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No restrictions on foreign investment licenses in Saudi Arabia: SAGIA | ASHARQ AL-AWSAT English Archive 2005 -2017
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File photo of traders at the Saudi Stock Exchange (Tadawul) in Riyadh. (Reuters)

File photo of traders at the Saudi Stock Exchange (Tadawul) in Riyadh. (Reuters)

File photo of traders at the Saudi Stock Exchange (Tadawul) in Riyadh. (Reuters)

Riyadh, Asharq Al-Awsat—Director of Information and Communication at the Saudi Arabian General Investment Authority (SAGIA) denied that Riyadh intends to limit the number of licenses issued under the system of foreign investment.

In comments to the state-owned Saudi Press Agency (SPA), SAGIA Communications Director Nasser Al-Tawayan said that reports that Saudi Arabia aims to limit the number of foreign investment licenses to just 100 per year were “baseless and untrue.”

“It is not logical for SAGIA to adopt such a trend since it is incompatible with the basic principles underlying the economic policy of the Kingdom of Saudi Arabia which is based on openness, flexibility and the application of the concept of the free market in general,” he said.

Speaking on Friday, Tawayan stressed that Riyadh is exerting effort to provide the appropriate environment to attract and develop local and foreign investment, in addition to providing “all aspects of support, facilitation and incentives to create a more competitive investment environment to enable private sector enterprises to achieve further growth and prosperity.”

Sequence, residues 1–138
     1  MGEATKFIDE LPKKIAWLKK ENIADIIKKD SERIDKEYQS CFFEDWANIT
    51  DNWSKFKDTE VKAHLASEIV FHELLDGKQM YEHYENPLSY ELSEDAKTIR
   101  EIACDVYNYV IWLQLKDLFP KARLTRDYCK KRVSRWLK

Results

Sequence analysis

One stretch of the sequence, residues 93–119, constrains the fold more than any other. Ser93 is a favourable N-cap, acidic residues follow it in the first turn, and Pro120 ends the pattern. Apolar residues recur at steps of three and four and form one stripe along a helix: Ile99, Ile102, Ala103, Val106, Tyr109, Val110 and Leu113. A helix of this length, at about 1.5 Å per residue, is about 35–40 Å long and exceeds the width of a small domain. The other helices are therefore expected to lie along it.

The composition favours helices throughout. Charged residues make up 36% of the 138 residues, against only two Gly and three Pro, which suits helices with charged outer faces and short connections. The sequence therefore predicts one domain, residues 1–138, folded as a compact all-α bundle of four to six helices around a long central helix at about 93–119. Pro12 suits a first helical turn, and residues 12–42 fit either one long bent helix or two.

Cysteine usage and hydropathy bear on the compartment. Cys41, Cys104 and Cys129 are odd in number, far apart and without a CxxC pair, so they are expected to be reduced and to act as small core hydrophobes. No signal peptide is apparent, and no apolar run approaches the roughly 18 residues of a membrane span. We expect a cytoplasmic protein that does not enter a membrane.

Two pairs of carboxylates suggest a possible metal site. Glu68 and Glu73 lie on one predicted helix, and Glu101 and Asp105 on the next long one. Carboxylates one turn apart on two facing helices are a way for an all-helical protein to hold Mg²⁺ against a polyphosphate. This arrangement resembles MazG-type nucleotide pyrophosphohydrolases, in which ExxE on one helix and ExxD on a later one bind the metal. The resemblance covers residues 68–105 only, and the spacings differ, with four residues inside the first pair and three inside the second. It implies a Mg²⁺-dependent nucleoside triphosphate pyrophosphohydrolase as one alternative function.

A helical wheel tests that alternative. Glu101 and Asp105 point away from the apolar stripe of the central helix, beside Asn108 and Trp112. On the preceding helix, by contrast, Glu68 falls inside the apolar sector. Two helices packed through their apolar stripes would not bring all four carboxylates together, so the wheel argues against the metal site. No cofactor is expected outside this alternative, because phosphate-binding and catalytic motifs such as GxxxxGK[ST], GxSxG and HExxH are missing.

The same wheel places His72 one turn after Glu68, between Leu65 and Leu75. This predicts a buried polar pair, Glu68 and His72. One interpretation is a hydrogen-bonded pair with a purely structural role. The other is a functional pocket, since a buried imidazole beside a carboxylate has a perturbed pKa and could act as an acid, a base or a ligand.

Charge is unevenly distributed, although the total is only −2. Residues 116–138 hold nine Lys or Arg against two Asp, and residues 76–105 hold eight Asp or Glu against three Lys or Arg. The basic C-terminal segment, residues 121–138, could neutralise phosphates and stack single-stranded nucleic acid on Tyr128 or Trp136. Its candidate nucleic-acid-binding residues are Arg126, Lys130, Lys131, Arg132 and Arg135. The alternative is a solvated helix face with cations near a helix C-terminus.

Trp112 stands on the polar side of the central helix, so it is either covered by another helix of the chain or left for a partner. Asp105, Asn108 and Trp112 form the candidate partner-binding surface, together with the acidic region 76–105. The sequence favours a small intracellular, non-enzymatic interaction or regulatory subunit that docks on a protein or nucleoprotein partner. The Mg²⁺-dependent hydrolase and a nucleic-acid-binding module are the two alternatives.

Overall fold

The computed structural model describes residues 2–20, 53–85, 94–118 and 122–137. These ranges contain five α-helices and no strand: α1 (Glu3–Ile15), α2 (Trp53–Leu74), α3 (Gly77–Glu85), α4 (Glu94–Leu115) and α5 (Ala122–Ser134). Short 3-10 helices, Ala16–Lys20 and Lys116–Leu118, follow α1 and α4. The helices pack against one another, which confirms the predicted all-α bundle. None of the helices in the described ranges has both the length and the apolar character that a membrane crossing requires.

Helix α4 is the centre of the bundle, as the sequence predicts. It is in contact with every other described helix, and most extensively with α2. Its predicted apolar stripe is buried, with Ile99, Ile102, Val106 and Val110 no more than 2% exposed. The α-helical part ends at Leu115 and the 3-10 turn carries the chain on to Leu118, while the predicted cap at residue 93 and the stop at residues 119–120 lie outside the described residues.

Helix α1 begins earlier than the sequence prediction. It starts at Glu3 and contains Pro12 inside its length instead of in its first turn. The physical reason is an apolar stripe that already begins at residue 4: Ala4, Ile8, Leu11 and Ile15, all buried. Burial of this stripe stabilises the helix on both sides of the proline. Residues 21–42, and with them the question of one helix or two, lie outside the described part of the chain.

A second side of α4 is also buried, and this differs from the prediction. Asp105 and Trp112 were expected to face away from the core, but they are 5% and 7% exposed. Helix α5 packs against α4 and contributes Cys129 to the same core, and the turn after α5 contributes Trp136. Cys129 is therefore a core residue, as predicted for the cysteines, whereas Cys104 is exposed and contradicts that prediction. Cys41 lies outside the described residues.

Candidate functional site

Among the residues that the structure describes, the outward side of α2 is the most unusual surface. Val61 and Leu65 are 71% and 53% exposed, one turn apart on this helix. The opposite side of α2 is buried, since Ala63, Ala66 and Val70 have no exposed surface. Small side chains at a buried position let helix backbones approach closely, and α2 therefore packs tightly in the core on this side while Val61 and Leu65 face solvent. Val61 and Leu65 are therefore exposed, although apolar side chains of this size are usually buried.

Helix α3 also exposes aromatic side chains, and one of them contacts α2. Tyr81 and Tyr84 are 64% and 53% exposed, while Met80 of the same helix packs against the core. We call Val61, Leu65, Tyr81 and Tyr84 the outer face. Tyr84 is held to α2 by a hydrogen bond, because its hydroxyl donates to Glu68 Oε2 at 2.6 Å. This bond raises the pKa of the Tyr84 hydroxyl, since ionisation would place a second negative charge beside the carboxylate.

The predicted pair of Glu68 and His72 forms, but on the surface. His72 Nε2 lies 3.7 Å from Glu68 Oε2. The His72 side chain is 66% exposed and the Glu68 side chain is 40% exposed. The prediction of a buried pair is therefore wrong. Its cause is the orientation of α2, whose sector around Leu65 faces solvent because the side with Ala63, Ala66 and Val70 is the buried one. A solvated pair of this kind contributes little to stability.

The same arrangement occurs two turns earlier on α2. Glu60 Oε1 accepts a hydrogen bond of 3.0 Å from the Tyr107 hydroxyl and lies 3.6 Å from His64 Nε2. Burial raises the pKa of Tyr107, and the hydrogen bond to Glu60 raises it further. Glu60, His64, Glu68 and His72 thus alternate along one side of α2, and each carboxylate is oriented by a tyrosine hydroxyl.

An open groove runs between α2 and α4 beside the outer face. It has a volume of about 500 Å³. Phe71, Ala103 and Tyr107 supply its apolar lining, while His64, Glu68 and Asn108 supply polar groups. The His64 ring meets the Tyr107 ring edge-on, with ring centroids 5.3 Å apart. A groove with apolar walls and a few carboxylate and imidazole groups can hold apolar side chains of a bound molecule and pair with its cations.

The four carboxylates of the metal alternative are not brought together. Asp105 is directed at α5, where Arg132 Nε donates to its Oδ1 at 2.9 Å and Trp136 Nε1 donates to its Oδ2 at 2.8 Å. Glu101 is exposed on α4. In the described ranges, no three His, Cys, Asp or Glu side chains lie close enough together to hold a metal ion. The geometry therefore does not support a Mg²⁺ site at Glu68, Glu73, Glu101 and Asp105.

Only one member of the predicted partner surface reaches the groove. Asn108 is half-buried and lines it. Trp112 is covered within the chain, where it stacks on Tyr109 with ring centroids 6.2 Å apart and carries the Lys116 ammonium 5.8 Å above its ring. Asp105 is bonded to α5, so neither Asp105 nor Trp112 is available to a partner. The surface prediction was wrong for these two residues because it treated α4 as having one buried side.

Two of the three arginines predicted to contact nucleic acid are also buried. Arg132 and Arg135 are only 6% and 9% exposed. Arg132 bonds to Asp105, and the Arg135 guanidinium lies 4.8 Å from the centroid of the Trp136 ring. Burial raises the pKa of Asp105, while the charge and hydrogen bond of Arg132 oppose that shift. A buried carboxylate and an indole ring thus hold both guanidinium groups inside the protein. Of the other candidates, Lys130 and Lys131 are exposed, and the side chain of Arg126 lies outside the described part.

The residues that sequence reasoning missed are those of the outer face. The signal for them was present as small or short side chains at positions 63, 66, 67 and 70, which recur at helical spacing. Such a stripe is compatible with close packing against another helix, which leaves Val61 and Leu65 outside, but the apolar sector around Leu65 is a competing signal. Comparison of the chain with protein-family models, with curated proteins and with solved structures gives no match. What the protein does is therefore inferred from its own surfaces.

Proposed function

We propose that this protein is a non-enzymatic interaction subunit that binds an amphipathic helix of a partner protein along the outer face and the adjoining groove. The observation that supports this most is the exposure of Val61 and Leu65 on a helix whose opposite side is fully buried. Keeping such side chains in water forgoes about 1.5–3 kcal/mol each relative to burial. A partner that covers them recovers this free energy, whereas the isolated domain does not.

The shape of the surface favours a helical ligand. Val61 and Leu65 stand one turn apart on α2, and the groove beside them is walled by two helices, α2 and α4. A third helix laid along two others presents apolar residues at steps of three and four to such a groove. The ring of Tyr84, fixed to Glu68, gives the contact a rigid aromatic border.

He said that limiting the number of licenses that are being issued annually would not be consistent with the law of foreign investment in the Kingdom of Saudi Arabia, adding that Riyadh is seeking to boost investment. “The Saudi Arabian investment market is considered to be the most open and advanced in the region,” he added.

“The law clearly stipulates that the doors of foreign investment are open in all sectors and activities with the exception of those activities excluded from foreign investment in accordance with the decisions of the Supreme Economic Council,” Tawayan told SPA. Exclusions do not exceed 13 activities relating to security, sovereign and religion aspects, he said.

The SAGIA Communications Director also clarified that foreign investment regulation allows foreign investors to obtain more than one license in various activities.

“The Kingdom of Saudi Arabia is currently witnessing significant and unprecedented development and the absorptive capacity of the Saudi economy is huge while big spending on development projects creates countless investment opportunities. The conditions are very favorable to encourage the entry of promising investment for the national economy,” Tawayan said.